We recently received the identical photos from another reader. The Brown Recluse bite causes the tissue around the bite to die leaving a horrible scar. We will build a new page devoted specifically to bites thanks to your letter.

What's That Bug? does not endorse extermination

Hi.
Spiders, in general, freak me out. Your page makes me squirm and squint. I could use some help identifying a spider I found in abundance in my garage. The brown spider was with a dozen of his buddies… and dozens of eggs. They took over some shelves we had in our garage. I’m an over-protective new parent. Should this spider concern me? I also attached a spider that almost made my hair turn white. My wife and I came across it hiking in BVI. Is that thing poisonous?
Thanks
Scott

Hi Scott,
The brown spider in your home is Theridion tepidariorum, the most common of all house spiders. They spin a tangled maze of threads in the corners of neglected rooms. They are sedentary, spin webs to catch prey and to place their egg sacs. Off all the spiders that inhabit our dwellings, this is the most familiar, so it is sometimes called the Domestic Spider. It is exceedingly variable in color and markings. The female is larger. They are harmless.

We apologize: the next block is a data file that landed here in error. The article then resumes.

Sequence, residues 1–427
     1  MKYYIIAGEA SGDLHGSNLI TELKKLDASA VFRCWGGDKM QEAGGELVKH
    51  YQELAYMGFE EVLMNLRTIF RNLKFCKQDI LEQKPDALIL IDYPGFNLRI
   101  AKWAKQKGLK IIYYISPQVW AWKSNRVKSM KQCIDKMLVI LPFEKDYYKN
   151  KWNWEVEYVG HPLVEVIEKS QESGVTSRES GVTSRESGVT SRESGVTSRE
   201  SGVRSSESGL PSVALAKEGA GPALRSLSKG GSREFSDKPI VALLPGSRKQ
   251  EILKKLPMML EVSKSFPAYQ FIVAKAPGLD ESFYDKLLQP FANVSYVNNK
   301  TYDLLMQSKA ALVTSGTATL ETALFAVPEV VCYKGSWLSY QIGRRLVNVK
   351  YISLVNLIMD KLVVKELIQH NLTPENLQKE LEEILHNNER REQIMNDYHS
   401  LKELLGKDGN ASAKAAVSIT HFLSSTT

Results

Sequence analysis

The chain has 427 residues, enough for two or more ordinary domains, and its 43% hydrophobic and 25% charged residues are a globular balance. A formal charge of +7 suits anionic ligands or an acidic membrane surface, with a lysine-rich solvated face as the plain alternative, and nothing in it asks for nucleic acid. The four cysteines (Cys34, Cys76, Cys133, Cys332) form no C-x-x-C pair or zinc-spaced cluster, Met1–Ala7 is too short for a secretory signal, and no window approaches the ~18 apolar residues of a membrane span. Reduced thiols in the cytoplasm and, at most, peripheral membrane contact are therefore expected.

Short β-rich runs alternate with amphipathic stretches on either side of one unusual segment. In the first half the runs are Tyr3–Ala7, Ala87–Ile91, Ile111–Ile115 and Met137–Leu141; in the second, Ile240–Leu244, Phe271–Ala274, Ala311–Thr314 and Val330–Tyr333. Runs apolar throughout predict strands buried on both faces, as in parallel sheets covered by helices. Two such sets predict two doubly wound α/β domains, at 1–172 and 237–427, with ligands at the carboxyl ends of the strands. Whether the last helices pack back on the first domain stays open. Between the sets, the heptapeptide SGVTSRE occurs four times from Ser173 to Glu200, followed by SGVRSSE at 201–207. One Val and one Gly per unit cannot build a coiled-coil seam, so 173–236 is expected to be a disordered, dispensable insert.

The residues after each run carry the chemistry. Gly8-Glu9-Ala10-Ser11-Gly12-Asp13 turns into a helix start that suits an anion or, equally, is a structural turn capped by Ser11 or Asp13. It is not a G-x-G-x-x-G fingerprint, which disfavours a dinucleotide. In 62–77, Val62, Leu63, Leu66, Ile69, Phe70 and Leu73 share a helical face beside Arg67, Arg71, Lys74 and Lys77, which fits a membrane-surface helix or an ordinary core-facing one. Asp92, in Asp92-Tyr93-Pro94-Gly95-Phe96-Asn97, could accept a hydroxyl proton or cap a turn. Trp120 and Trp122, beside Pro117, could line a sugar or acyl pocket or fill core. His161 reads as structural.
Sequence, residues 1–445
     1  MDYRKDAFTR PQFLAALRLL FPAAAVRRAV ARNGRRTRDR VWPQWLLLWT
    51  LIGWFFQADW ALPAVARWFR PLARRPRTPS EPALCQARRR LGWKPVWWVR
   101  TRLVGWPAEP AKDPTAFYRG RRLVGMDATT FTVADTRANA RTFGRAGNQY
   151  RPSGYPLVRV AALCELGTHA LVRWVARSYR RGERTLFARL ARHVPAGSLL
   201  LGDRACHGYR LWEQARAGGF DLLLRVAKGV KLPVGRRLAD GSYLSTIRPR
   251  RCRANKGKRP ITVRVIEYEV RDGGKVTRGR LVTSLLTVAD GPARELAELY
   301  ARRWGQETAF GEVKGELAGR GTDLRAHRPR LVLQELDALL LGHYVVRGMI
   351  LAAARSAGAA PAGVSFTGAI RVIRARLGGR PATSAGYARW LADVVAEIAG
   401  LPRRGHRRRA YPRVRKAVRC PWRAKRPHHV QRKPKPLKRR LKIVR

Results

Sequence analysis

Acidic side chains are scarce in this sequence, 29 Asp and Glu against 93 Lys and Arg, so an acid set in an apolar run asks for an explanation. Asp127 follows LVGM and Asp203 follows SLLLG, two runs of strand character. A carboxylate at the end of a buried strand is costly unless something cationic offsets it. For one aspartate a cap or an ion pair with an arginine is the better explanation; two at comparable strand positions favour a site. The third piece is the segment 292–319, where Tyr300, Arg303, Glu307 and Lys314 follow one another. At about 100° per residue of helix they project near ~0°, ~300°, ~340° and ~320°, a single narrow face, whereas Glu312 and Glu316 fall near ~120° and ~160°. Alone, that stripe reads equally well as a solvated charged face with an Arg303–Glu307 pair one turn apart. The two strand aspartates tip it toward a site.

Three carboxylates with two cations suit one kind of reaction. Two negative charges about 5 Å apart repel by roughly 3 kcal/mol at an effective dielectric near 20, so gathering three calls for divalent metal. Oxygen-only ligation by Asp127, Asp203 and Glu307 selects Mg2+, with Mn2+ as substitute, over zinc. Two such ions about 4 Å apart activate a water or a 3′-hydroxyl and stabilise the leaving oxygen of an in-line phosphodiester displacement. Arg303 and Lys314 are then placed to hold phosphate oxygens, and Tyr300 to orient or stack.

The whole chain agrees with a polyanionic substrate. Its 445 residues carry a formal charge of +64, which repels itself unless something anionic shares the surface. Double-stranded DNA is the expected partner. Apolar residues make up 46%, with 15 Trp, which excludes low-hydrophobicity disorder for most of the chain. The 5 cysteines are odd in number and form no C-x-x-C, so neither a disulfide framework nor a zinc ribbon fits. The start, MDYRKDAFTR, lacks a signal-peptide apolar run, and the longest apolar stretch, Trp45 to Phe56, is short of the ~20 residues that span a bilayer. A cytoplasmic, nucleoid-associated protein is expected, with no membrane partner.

The frightening spider from BVI (where is that?) is a silk spider called Nephila clavipes. They build enormous strong webs. They occur in the tropics and the American South. Your photo is the female which is about 100 times the size of the diminutive male. They may bite, but are relatively harmless. They are sometimes called Banana Spiders, but that is a common name used on Giant Crab Spiders as well.


Correction:  May 21, 2014
Just a few weeks shy of the tenth anniversary of this posting, we received a comment from Kalandria correcting our identification and indicating that the Cobweb Spider is
Steatoda triangulosa which we verified on BugGuide.

What's That Bug? does not endorse extermination

Hairy Black Spider With Fluorescent Green Fangs!
Hellloooooo, Bugman!